The Pathogenesis of Post-Traumatic Pulmonary Embolism: A Prospective Multi-center Investigation by the CLOTT Study Group

Principal Investigator: KNUDSON, MARY M.
Institution Receiving Award: KENYA DEPARTMENT OF DEFENSE
Program: DMRDP
Proposal Number: BA160400
Award Number: W81XWH-17-1-0673
Funding Mechanism: Broad Agency Announcement for Extramural Medical Research
Partnering Awards:
Award Amount: $4,260,450.82


Background: Venous thromboembolism, which includes both deep vein thrombosis (DVT) and pulmonary embolism (PE), is a common and potentially mortal complication after injury in both civilian and military settings. To date, there are no methods that have been definitively demonstrated to prevent post-traumatic PE, which carries a mortality of 11% and is the third leading cause of death following injury. PE is particularly common among combat casualties due to the prevalence of certain risk factors such as multiple amputations, traumatic brain injury, the need for transfusions, and prolonged immobilization during evacuation. However, due to the liberal use of computed tomography following injury, many patients are found to have small clots in the chest that may not be PE at all and may in fact not need to be treated. Additionally, recent laboratory investigations suggest that some severally injured patients develop a hypercoagulable state due to failure to break down clot once formed and that platelets contribute to the strength of the clot. This failure of clot lysis may set the stage for true PE events.

Objectives/Hypotheses: This study is designed to address two major aims. The first aim will explore the hypothesis that small, peripheral, asymptomatic clots seen on computed tomography scans of the chest are not embolic events (PE) from DVT but are instead thrombi associated with inflammation and can be safely observed without specific treatment. The second aim is designed to identify patients with fibrinolytic shutdown/failure of clot lysis and to test the hypothesis that these patients are at increased risk for post-traumatic PE.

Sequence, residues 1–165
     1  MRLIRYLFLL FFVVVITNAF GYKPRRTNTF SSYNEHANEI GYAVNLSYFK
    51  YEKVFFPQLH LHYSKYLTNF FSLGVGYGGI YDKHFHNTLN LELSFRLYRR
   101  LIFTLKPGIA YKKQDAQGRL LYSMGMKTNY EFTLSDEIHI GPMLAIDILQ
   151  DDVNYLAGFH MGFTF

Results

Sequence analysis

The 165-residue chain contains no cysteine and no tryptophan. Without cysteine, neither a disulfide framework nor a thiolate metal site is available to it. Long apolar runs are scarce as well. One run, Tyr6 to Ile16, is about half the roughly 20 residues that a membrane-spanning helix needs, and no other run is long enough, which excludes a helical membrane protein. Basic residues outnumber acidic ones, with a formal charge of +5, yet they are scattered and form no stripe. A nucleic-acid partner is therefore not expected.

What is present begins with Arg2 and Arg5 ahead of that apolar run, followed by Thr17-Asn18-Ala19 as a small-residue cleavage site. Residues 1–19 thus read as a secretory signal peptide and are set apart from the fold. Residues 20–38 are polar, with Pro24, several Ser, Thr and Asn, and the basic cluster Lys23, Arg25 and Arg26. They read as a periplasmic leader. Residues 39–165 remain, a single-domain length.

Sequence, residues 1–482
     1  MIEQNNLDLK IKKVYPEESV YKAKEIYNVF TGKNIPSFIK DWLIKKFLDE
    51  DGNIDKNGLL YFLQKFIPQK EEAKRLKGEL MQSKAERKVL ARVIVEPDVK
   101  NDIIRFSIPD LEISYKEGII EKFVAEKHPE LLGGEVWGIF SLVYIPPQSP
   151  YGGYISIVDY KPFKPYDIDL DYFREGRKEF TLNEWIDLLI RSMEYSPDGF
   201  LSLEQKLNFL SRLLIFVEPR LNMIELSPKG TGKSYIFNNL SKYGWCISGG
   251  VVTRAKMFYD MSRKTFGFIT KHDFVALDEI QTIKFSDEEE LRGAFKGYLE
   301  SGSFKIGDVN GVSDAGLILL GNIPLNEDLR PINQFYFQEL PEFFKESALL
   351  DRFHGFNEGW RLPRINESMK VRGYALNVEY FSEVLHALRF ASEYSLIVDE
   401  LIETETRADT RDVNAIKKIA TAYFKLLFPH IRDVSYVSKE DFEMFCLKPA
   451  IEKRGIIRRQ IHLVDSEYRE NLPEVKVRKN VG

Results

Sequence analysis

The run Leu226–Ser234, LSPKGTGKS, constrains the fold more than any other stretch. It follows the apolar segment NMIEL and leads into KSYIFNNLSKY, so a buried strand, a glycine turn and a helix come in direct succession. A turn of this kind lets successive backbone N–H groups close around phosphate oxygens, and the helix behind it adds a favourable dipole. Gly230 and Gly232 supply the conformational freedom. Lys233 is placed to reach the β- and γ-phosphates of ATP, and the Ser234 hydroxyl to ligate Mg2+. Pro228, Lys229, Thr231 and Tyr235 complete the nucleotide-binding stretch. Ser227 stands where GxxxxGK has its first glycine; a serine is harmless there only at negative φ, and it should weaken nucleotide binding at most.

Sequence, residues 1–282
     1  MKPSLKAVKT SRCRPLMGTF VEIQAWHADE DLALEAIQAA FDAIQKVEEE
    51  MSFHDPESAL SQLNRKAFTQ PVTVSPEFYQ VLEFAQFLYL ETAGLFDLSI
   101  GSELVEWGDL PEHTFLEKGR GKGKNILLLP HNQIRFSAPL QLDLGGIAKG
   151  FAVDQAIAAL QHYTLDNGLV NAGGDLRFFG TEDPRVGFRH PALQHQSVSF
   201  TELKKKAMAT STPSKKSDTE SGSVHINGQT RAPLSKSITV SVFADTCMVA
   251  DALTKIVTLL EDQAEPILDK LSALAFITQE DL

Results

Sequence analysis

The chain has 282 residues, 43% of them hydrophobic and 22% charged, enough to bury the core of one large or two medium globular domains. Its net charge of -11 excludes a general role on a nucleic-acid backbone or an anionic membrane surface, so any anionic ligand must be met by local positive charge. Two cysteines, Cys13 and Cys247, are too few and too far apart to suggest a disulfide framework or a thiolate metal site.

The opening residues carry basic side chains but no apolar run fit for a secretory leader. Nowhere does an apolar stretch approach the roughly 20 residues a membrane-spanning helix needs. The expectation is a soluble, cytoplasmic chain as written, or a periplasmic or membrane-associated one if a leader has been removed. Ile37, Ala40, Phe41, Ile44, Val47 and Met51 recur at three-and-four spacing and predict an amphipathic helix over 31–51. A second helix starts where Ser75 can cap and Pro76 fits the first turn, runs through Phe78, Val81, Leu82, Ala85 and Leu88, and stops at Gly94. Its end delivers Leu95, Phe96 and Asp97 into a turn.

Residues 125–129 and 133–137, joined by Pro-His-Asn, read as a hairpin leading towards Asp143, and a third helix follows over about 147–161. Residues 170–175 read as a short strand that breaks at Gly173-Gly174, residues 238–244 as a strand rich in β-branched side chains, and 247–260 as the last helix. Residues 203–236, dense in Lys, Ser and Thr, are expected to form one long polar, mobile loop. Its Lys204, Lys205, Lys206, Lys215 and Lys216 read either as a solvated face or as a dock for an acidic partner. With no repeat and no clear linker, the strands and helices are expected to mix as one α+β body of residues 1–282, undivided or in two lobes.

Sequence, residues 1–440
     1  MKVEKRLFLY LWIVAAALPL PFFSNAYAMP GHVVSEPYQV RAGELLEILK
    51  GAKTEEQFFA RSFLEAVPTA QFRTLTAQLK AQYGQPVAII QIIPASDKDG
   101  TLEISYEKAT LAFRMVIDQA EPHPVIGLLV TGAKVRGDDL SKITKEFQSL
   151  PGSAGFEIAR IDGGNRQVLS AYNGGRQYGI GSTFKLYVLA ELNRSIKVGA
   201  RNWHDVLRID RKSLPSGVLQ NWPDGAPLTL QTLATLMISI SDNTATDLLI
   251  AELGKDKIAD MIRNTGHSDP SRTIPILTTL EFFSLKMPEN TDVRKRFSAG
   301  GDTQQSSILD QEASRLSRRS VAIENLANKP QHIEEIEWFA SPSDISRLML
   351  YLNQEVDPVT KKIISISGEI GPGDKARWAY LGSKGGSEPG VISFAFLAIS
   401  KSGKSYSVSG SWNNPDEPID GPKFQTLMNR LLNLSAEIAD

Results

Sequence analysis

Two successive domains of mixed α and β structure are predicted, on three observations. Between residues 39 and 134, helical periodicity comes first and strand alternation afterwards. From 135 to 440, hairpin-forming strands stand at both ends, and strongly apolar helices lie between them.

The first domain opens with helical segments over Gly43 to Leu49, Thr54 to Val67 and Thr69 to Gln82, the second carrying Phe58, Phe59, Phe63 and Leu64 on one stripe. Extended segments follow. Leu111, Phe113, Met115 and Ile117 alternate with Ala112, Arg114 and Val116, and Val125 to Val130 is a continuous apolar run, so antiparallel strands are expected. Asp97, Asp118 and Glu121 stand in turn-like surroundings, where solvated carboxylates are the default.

Study Design: This is a multi-center, prospective, observational study. For Aim 1, patients aged 18-40 years who are admitted to any of 17 major trauma centers will be considered eligible for enrollment. Data will be collected on all patients who develop PE in order to characterize the risk factors for those with symptomatic, central PE versus those with asymptomatic, peripheral thrombi. The safety of observing patients with peripheral thrombi versus treatment (full-dose anticoagulation or placement of a vena cava filter) will be compared. For Aim 2, five trauma centers with existing research teams focused on coagulation after injury will enroll a cohort of patients admitted to their intensive care unit and collect blood samples that can be subjected to thromboelastography (TEG) in order to identify patients with failure of clot lysis (fibrinolytic shutdown). The association between fibrinolytic shutdown and the subsequent development of PE will be explored.

Relevance: Due to the increasing number of patients who are found to have occult thrombi on imaging studies in both the combat and civilian trauma settings, demonstrating the safety of simple observation of these clots would have a major impact on practice patterns while protecting patients from the complications of anticoagulation and from the morbidity associated with placement of a vena cava filter. Secondly, if we establish an association between failure of clot lysis and PE, we can then address fibrinolytic shutdown with agents such as aspirin and other anti-platelet agents as a novel method of preventing post-traumatic PE.